Sun stood strong as our nemesis these past few months and suiting up became impossible in this unabated and unrelenting heat. With the monsoon breaking through the clouds, we found ourselves in a more intolerable condition because of the sticky and sweaty humidity. The continuous downpour cools down the atmosphere, but only momentarily because what follows is a surge of humidity, which makes wearing an extra layer of fabric over your shirt impossible. We are forced to tackle two phenomena of nature, rain and the concomitant humidity. However, just as we tackled the heat in summer, we are going to find a solution to wearing a suit in the monsoon. We just have to make the right suit for us and the rest will fall in their place.


The weave of the suit is its root. It ensures if you will be feeling cool in your suit or if you will be bathing in your sweat. Fabrics which are loomed with an open weave are ideal for both the summer and monsoon seasons. They make sure that there is a continuous flow of air through your suit’s jacket and that you’re comfortable. Fresco is a fantastic example of an open weave, breathable fabric and a fabric you should consider when making a suit for our climate.



Although it’s very in at the moment, send the idea of a double breasted jacket to the back seat and opt for a single breasted jacket instead. The single breasted jacket covers less of your body and it allows more air to flow in, relative to a double breasted. In addition, unlike a double breasted, it doesn’t have a double layer of fabric around the chest and waist area.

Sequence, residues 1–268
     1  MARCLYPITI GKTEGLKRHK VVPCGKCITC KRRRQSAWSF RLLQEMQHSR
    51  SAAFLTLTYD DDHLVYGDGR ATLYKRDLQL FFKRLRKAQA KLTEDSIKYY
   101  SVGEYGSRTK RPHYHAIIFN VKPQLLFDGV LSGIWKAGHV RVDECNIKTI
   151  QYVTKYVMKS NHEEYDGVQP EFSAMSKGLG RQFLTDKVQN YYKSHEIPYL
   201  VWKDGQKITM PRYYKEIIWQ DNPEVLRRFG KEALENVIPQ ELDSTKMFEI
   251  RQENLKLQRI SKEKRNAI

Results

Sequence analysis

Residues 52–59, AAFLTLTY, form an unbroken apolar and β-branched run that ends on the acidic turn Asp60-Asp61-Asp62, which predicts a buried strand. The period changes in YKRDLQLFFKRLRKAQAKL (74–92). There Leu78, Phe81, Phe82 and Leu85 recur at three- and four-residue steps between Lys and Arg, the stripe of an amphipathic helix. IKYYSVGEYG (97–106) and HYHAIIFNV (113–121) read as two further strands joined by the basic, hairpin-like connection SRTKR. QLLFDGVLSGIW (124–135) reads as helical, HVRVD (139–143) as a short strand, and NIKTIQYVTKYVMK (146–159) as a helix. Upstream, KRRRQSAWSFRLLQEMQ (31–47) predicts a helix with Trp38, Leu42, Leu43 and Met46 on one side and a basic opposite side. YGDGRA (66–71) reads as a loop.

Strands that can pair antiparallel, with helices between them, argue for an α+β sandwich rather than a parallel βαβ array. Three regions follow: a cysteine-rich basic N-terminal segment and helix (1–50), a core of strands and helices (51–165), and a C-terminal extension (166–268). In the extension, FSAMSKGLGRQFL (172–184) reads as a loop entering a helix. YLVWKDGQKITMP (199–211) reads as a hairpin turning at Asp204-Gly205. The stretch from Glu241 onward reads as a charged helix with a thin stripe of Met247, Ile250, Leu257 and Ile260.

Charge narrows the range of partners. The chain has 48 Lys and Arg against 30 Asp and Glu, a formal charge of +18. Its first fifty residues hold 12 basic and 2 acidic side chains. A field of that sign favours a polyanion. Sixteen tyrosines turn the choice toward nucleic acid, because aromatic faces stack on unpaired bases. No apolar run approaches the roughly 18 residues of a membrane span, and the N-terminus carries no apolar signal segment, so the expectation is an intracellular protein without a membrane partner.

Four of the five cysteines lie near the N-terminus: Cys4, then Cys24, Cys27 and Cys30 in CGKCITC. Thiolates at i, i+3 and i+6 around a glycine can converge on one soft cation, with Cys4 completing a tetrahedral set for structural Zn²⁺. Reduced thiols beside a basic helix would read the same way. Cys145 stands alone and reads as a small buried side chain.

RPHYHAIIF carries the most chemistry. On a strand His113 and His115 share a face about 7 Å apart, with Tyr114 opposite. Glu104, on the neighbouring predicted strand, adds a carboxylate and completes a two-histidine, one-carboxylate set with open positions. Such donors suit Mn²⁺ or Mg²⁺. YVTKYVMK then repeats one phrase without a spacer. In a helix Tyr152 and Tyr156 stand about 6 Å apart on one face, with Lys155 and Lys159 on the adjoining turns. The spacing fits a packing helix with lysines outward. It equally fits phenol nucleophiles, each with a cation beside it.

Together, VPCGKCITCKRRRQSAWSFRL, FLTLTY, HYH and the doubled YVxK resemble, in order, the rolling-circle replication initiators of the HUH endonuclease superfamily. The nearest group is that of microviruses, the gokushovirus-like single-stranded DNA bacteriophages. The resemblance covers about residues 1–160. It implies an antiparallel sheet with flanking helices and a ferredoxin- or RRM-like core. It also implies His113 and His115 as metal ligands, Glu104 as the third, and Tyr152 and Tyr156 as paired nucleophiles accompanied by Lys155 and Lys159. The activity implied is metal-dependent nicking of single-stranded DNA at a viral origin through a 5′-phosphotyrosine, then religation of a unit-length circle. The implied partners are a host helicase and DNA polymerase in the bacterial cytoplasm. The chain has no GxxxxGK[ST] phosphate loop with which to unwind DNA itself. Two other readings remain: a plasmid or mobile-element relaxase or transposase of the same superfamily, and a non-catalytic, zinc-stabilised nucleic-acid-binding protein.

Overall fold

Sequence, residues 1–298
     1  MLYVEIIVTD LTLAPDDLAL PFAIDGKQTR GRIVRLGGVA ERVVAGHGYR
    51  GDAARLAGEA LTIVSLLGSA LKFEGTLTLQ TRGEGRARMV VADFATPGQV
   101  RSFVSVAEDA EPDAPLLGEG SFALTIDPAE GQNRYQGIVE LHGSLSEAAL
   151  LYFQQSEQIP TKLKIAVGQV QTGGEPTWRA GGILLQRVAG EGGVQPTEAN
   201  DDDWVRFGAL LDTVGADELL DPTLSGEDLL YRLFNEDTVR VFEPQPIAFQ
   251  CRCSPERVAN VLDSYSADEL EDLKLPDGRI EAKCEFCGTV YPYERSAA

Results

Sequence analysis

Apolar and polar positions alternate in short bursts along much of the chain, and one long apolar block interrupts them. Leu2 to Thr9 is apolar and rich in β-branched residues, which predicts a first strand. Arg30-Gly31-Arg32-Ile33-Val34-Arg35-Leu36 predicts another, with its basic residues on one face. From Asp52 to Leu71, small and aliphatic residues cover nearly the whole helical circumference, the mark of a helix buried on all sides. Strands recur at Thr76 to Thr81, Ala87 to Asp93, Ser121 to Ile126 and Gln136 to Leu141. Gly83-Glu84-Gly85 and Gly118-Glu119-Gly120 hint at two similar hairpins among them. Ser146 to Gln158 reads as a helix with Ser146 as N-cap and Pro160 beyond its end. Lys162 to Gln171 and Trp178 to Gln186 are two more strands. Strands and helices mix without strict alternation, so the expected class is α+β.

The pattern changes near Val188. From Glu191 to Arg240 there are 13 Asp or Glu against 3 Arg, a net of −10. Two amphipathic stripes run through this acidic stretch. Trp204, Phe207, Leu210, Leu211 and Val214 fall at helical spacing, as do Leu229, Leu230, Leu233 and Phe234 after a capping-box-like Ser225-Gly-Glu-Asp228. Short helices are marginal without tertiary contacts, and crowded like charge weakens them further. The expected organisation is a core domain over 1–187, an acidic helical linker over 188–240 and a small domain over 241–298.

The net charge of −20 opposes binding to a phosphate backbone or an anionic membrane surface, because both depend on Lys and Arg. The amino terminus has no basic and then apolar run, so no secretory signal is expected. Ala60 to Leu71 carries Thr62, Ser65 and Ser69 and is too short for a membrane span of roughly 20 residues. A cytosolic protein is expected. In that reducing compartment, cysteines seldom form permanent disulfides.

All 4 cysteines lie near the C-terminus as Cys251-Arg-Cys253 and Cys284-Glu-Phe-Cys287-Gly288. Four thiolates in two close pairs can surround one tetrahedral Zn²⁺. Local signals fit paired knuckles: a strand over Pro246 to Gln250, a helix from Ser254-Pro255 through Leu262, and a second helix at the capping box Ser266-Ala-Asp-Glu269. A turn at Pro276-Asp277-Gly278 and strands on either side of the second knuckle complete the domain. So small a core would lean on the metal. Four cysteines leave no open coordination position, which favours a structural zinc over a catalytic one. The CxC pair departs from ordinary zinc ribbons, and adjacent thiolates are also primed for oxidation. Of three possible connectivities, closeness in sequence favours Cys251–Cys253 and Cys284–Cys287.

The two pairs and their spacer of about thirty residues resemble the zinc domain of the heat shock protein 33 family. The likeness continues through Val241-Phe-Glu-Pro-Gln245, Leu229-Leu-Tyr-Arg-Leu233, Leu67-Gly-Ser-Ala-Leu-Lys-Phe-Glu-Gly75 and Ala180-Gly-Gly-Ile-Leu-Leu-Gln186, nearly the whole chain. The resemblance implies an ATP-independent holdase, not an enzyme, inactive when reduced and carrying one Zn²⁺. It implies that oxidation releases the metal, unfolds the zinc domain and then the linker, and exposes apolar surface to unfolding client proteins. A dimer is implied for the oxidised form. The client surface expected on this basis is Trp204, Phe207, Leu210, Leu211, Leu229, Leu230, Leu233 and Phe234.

Don’t just stand there like a sentinel, expecting the fabric to tell you how much it weighs. Take a balance and do it yourself (kidding). Opt for fabrics which weigh approximately 210 grams. That way you can also ensure that the fabric will sit on you well.
This is a crucial aspect because humidity makes it even more difficult for us to layer as the effectiveness of cooling due to sweating goes downhill.


There are a myriad of options you can go for. You can go with a no tie look with the first two buttons of your shirt unbuttoned, as you look like an Italian Stallion or you can skip a necktie and wear a bow-tie instead. The bowtie will only cover your neck area leaving the rest of the shirt to enjoy the breeze. However, if you’re adamant about wearing a necktie, wear a knitted necktie as its open weaves will allow a decent amount of air, enough to keep you relaxed.

Bonus tip: Opt for darker colours to protect your suit from getting ruined by a splash of mud. With an increase in the heavy downpour and outdoor weddings, this can be a very likely scenario.

The fabric, cut and style of your suit remain very much similar to that of summer you would wear in summer; the reason being, humidity. The idea is to make sure there is enough air circulation so that humidity doesn’t get the better of you. Wearing a suit to the next Monsoon wedding is now a walk in the park without the fear of sweat and uneasiness coming in the way of looking dapper. Dress smart, look smart.

Ali Sakhi

Ali Sakhi Khan is a contributing writer at ICE Today. When he is not writing, he is cracking lame jokes with hopes of making people laugh